A seven-member panel of justices of the Supreme Court, yesterday, ordered the Auditor General, to, as a matter of urgency, begin the process of surcharging persons found to have misappropriated state funds.
This follows a suit filed by Occupy Ghana in June 2016, seeking an order to direct the Auditor-General to issue disallowances and surcharges to, and in respect of, all persons and entities found in relevant, successive reports to have engaged in misappropriation of state funds.
The seven-member panel of justices, presided over by incoming Chief Justice Sophia Akuffo, however, did not give reasons for their judgment, but indicated that they will make available the full details of the decision later in the day.
Even though at the time of writing this piece the full details of the SC’s decision had not been made public, The Chronicle believes that the decision is in the right direction, and all right-thinking Ghanaians must support it.
It appears in recent times that the embezzlement or misappropriation of state funds has become endemic among public and civil servants, who have been placed in positions of trust.
Perhaps, because those who are found to have embezzled state funds are allowed to go scot free, with excuses such as ‘to err is human’ and ‘I’m sorry’, among others, many people find it prudent to dip their hands into state coffers with impunity.
Reports of public and civil servants stealing state funds on the airwaves across the length and breadth of the country have become a daily occurrence, which has infuriated some public-spirited individuals and groups, who are determined to do whatever it takes to retrieve the monies.
It is estimated that monies public and civil servants have stolen, from the era of former President Jerry John Rawlings to John Dramani Mahama, amounts to about GH?112 billion, close to the total amount of GH?127 billion which Ghana owes as a sovereign state.
It is against this backdrop that Occupy Ghana; a local-based pressure group, filed a suit at the Supreme Court in 2016, seeking an order to direct the Auditor-General to issue disallowances and surcharges to, and in respect of, all persons and entities who have been implicated in its successive reports to have misappropriation state funds.
According to the Occupy Ghana, it sued the Auditor General because he refused to surcharge persons who are said to have misappropriated state funds to the tune of over GH?40 billion.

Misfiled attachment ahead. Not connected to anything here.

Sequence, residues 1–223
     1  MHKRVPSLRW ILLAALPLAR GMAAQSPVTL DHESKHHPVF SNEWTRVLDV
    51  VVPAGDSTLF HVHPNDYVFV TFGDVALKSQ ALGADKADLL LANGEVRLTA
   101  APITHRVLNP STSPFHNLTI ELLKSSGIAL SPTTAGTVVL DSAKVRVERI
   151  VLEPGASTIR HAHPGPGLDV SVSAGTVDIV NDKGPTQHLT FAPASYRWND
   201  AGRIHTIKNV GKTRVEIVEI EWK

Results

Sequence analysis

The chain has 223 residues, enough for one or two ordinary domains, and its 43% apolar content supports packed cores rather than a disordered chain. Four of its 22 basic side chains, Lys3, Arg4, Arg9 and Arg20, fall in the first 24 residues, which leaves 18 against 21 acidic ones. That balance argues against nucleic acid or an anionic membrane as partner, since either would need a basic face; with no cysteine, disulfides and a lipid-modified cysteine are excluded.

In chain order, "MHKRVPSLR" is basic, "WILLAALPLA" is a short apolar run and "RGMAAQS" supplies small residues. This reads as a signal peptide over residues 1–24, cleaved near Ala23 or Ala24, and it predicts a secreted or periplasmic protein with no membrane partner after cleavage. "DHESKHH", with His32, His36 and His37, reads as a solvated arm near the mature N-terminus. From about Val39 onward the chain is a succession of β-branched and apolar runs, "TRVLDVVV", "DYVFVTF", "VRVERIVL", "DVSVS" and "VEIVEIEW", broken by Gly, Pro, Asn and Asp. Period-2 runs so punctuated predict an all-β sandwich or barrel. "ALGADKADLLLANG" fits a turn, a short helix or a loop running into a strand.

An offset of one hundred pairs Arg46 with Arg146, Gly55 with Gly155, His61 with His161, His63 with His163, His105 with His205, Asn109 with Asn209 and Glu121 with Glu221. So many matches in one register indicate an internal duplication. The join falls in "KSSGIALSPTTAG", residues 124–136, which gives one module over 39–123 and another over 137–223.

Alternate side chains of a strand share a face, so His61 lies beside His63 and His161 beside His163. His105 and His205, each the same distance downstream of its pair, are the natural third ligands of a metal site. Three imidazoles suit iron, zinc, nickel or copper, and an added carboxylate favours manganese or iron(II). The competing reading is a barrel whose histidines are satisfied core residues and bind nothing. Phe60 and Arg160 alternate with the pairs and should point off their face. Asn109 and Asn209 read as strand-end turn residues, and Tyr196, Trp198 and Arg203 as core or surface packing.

To this end, the pressure group, in 2014, wrote a letter to the Auditor General’s office, reminding it to surcharge such persons or face them (Occupy Ghana ) in court.
A statement issued by the pressure group said it filed a case against the Auditor General at the Supreme Court on Wednesday, June 22, 2016, because several efforts to ensure that the Auditor General makes such surcharges had proved futile.
Less than a month ago, a team from the Multi-Media Group, led by Captain Smart, host of the flagship programme of the Adom FM morning show, Edwaso Nsem, organised a mammoth demonstration dubbed ‘Yeregye Ye Sika’.
The intention of the demonstrators was to make public their intent to retrieve monies believed to have been embezzled by some public and civil servants over the years.
The Chronicle believes the order of the Supreme Court has come at an opportune time, especially, at a time when all Ghanaians are calling on the government to recover all state funds found to have been misappropriated by egocentric individuals.
The Auditor General must be given the teeth to bite hard enough, to deter other people from developing the necessary appetite for the consumption of state funds at any level.
This, to The Chronicle, is the only way greedy and self-centered individuals could be made to stay away from touching state funds, or better still, make it a no-go-zone for such people.
A seven-member panel of justices of the Supreme Court, yesterday, ordered the Auditor General, to, as a matter of urgency, begin the process of surcharging persons found to have misappropriated state funds. This follows a suit filed by Occupy Ghana in June 2016, seeking an order to direct the Auditor-General to issue disallowances and surcharges […] Read Full Story